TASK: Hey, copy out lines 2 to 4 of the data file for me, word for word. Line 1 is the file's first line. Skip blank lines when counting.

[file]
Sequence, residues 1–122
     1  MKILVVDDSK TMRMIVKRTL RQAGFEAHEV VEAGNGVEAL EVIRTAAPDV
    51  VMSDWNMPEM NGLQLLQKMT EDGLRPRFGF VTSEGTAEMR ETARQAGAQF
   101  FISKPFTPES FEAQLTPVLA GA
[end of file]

     1  MKILVVDDSK TMRMIVKRTL RQAGFEAHEV VEAGNGVEAL EVIRTAAPDV
    51  VMSDWNMPEM NGLQLLQKMT EDGLRPRFGF VTSEGTAEMR ETARQAGAQF
   101  FISKPFTPES FEAQLTPVLA GA